Sunday, November 28, 2004

Jazz in Delhi

Finally have some time in hand — in front of a computer too — to blog a bit. But despite having thought up a zillion options to blog on over my weeks of blogging inacitivity, I can't seem to remember any of the things I had written over in my mind. Not even the angle on Dalhousie I had dreamt up close to 800 words on.
So I guess it's best to just bung in some stuff I learnt while spending time with these jazzwallahs from across Europe, in town for the Jazz Yatra. Friendly as good music practitioners should be, I managed to get in quite a substantial amount of time with some of the Norwegian and German music makers, and found out to my incredulity that in Norway, jazz is actually taught to children in school!
Of course I knew that jazz had moved out of America and it's Blackness and found a better home in Europe. This, my guess is, happened after the John McLaughlin, Stan Getz, Stephen Grappelli era, by which time jazz — that beautiful brand of the oppressed Black man's workaday music — had already changed colour. John Etheridge lives, as do many others, but America isn't good music land anymore.
In any case, while speaking to these members of the Norwegian band The Real Thing — an awesome non-vocals jazz band with a fabulous drummer and a huge dollop of swing — I found out that jazz (among other brands of good music like blues and rock) is part of the curriculum in Norwegian schools.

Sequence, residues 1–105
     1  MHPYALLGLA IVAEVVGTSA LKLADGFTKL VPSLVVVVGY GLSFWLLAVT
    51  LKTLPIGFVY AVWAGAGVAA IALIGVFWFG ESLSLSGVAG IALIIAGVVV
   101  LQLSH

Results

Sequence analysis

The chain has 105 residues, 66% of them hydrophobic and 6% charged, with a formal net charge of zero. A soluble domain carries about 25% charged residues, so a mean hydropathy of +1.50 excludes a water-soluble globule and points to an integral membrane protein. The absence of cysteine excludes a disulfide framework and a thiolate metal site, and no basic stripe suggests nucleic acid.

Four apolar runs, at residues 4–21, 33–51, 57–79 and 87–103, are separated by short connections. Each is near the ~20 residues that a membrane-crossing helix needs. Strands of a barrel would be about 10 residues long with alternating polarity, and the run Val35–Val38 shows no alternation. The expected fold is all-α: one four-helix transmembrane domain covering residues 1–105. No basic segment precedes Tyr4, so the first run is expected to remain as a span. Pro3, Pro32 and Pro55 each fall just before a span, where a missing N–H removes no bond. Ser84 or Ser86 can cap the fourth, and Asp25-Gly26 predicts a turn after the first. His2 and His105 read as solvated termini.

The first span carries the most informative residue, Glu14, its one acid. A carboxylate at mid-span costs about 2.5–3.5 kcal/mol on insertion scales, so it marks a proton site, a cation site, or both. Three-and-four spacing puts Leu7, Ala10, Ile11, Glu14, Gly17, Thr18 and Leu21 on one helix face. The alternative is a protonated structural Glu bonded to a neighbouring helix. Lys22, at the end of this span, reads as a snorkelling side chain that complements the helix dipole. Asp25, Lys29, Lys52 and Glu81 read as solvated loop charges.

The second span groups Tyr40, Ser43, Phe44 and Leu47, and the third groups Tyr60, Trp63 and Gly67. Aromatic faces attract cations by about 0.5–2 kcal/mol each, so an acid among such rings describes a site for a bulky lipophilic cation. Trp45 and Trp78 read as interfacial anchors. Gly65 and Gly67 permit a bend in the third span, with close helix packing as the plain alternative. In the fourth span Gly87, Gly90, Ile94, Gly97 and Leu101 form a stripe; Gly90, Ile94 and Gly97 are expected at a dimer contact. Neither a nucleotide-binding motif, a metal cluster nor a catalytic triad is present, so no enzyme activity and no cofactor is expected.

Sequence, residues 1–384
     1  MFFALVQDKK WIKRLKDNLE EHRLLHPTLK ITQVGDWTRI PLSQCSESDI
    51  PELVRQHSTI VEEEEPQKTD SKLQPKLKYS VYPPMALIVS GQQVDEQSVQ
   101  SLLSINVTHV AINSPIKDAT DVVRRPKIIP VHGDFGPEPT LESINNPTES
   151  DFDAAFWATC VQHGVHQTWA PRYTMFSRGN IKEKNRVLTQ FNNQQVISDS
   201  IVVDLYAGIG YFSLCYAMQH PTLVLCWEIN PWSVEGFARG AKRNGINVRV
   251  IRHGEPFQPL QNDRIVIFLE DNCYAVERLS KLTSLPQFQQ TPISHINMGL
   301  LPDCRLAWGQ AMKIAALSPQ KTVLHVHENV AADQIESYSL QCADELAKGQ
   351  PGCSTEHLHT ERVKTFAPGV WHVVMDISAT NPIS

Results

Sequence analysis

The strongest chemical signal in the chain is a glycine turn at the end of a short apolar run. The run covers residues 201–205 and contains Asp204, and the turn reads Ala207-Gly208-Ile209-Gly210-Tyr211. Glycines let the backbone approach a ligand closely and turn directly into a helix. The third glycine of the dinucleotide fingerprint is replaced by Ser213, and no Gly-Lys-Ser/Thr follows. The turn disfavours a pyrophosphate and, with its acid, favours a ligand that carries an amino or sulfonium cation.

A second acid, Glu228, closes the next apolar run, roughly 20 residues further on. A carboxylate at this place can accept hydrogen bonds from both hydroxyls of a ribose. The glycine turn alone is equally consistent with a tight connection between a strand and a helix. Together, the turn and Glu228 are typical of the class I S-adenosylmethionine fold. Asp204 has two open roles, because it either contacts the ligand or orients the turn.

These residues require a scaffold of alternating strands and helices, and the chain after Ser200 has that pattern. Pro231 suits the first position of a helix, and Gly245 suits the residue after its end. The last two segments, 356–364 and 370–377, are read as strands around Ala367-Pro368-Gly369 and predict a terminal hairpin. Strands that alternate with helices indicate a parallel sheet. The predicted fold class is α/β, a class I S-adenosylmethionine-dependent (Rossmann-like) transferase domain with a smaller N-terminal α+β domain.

Why? Well, mainly because Norway, despite having a rich folk heritage and loads of myths and legends (remember Thor and his Mjolnir and Odin and Loki and Freya and Skuld and so on?), have never had a tradition of classical music like Germany or Austria have. That meant when the Norwegians migrated in hordes to the US after World War II, and then found their way back, they jazzed their way back. The slave sound of jazz appealed to them, and they spread the spirit across Norway. So much so that even the Swedes from across the border tapped their feet to the beat.
And therefore, in Norway (a country the band members call 'starved of music, but fanatical about any good sound') jazz found residence. They sing in English — 'it's a rough sound, our language, and is not very musical' — and play mainstream instruments like the bass, the lead, the drums, the accordion, the sax, keyboards...the works. They sing about everything, but especially of love. Not The Real Thing, because they don't sing, but the rest concentrate on love. Probably because they don't have much else to sing about!
I heard them a bit too. The Scandinavians and then the really, really well-known Peter Weniger Trio with Bono lookalike Weinberg on the vocals and sax. He's good, his team is not. The Real Thing is, indeed, the real thing. The Dutch Saskia Laroo Band was bad. As was Solveig Slettahjell and her band, though she has a mind-blowing voice. I didn't hear the Dutch Jazz Quartet or India's Dhruv Ganekar Trio.
All in all though, this being the first time I have heard decent jazz since moving to Delhi close to seven years back (bar a couple of hours with a terrible Finnish band and a couple of songs by Indian Ocean way back in February 1998), it was refreshing. But for the Jazz Yatra to get stronger, and for the party music generation to move towards it, things have to change. In which direction I don't know. Maybe in terms of more non-vocals' bands....
Maybe less women. Women can't jazz. Ella Fitzgerald, like Jerry Garcia once famously said of Janis Joplin, "was no man".